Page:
RealityIT: Data Center Infrastructure

Getting between your CIO and the IT Team you supervise can get downright ugly sometimes.

January 16, 2004

3 Min Read
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How You Play the Game

You might think I'd have been asked for input into such a massive decision, but nooooo. The deal had been inked, and I was charged with overseeing the IT aspects of the move, on a tight schedule and an even tighter budget.

Now if you've ever had to deal with a move of this magnitude, you know it's like some evil rite of passage for IT people, and those who survive have the scars to prove it. My impulse was to rant and rave, but rational thinking won out and I decided to rise to the challenge. I called for a meeting with data center manager Marvin Mips, network manager Dirk Packet and telecom manager Sandra Hook to devise a plan, taking into account that holiest of trinities: technology, logistics and bureaucracy.

First, we had to determine what kind of infrastructure we'd need in the new space, and what kind of layout would best accommodate all our systems and servers. The suburban facility had a computer room with a raised floor, as well as good heating and ventilation, though some essentials, like a central UPS and a backup generator, were missing.

Naturally, we hoped to take advantage of this opportunity to upgrade to some state-of-the-art equipment. In fact, Dirk informed me, our network engineer had his heart set on some monstrous bladed network switch for our new digs.We knew we'd need separate voice and data cabling runs (no time to investigate the possibility of voice over IP, despite the temptation), but first we had to figure out which circuits we'd need at the new site. And that meant we'd have to deal with the various carriers for the different lines--sheer joy.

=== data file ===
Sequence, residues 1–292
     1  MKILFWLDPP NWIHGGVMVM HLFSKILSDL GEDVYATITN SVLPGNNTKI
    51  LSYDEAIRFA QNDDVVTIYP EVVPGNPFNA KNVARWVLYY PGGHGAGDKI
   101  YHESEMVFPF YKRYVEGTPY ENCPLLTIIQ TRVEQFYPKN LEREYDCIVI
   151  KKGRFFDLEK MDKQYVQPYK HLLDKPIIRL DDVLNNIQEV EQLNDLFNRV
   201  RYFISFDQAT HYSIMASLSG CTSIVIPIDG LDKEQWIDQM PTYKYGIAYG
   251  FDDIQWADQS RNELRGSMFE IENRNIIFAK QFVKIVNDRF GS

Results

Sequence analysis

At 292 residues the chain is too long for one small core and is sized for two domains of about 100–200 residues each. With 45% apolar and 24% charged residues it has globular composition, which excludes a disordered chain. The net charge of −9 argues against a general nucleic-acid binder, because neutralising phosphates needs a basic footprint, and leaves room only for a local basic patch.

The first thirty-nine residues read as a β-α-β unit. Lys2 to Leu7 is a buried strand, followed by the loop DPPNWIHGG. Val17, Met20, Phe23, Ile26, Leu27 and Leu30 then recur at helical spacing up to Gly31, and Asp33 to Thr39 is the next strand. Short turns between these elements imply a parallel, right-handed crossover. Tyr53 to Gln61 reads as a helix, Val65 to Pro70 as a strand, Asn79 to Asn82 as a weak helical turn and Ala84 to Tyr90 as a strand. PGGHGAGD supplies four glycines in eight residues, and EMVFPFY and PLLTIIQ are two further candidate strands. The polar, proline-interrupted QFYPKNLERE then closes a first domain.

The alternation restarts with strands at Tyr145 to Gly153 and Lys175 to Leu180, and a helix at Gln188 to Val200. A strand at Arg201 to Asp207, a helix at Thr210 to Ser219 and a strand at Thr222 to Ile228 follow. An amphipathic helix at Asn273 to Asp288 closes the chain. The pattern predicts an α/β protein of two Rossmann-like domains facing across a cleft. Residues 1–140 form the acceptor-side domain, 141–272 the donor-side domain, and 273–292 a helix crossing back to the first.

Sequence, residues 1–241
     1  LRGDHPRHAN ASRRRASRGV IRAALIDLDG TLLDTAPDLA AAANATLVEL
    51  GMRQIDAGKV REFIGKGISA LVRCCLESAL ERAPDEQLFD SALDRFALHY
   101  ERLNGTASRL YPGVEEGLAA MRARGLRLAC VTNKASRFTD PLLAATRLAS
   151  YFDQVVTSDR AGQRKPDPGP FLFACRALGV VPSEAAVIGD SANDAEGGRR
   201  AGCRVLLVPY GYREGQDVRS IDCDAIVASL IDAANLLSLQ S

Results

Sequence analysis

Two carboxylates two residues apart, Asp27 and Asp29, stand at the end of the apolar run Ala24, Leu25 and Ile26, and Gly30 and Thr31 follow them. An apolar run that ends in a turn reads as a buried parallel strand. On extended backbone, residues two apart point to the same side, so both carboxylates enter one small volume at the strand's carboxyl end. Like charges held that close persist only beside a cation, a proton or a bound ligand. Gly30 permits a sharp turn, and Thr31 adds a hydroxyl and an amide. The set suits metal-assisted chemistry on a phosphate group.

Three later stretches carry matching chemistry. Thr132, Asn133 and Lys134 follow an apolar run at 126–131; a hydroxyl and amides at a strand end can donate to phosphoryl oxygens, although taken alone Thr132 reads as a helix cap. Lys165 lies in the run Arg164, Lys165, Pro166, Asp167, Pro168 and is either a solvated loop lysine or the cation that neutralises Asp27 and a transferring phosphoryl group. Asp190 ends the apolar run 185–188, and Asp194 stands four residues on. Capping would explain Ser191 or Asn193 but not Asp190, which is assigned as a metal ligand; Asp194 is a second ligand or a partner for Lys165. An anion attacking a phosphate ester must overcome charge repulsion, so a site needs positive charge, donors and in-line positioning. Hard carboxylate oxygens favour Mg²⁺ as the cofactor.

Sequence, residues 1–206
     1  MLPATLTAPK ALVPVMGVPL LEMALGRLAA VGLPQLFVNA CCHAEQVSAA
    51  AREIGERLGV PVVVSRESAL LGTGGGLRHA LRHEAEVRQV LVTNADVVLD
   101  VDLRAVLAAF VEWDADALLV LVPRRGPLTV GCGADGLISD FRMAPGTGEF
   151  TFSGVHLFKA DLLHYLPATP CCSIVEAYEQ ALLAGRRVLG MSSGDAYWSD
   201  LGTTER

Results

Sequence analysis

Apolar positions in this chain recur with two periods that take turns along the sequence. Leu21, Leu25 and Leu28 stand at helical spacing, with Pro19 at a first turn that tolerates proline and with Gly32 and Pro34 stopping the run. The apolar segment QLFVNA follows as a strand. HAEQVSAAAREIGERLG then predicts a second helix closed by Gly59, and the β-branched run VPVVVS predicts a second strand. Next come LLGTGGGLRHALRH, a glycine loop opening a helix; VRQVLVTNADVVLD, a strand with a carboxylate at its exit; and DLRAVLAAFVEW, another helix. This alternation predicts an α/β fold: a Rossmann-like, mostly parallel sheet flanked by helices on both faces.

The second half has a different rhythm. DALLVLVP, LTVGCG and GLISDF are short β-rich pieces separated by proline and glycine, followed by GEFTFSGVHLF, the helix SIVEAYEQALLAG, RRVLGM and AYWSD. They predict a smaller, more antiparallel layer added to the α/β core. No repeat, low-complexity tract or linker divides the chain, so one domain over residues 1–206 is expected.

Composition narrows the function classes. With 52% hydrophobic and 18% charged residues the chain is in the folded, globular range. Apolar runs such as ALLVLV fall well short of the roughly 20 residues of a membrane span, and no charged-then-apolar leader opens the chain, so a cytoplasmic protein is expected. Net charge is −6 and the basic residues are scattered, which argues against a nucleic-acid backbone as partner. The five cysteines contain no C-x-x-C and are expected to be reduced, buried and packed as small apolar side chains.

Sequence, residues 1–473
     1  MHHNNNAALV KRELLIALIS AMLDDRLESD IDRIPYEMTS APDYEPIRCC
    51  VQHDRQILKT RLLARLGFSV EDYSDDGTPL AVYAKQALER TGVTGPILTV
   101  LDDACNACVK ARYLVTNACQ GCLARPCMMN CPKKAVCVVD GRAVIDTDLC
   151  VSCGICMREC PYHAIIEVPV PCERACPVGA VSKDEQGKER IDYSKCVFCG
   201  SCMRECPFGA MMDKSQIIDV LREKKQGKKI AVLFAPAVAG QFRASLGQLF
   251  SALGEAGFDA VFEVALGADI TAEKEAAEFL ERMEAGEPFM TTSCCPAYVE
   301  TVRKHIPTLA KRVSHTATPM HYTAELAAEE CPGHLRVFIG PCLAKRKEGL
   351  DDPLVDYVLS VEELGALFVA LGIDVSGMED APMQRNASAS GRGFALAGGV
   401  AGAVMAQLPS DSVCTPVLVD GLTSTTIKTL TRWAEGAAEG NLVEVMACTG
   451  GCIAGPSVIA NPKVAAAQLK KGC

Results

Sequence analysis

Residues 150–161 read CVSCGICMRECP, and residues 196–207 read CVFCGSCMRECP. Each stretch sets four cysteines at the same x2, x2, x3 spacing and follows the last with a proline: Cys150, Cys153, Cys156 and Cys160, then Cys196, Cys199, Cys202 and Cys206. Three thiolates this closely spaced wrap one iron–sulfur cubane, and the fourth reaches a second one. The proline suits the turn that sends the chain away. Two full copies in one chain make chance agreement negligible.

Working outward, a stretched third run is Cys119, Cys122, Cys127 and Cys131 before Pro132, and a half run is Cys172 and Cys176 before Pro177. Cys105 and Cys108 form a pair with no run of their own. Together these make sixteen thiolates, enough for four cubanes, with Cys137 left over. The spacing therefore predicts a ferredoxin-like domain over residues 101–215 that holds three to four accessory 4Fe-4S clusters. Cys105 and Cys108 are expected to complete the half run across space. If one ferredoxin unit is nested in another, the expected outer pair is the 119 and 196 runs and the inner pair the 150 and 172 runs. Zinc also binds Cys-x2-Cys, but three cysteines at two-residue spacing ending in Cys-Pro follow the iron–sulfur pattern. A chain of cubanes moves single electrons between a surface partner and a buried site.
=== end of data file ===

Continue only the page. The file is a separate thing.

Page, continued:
We calculated the cost of having an IT engineering consultant on hand and manufacturing reps to move some of our heftier gear and certify the new installs. We also prepared to fill out stacks of paperwork to justify our capital expenses and keep the bean counters at bay.

Next, we set a time line for the project, which was tricky because we couldn't shut down all operations simultaneously, even on weekends, plus we'd need time for testing and tweaking. But we were committed to having all systems running smoothly within a month after the new lease took effect.

Then we braced ourselves for the inevitable moaning and groaning from the IT people who'd have to cancel weekend plans.

Heavy Lifting RequiredI wanted to set a good example for my team by doing some of the dirty work, so when I wasn't supervising the manufacturers' reps and consultants, I was hauling servers, assembling racks, and crawling around connecting power cords and cables. We worked long and hard; we even pulled an all-nighter. (Boy, all that pizza and Red Bull brought back fond college memories--anyone out there remember Jolt?)

The new data center will require periodic upgrades and maintenance, of course, so the gig's not entirely over, but I'm ready to move on to the next major challenge. I have some projects to pitch to my CIO, and I'm sure he has some in store for me as well. Now I just have to figure out how to balance the high-priority (read: urgent) jobs with the IT team's day-to-day work. Spending all that "quality time" with my staff was a great bonding experience--I just wouldn't want to do it again anytime soon.

--Hunter Metatek is an enterprise IT director with 15 years' experience in network engineering and management. The events chronicled in this column are based in fact -- only the names are fiction. Write to the author at [email protected].

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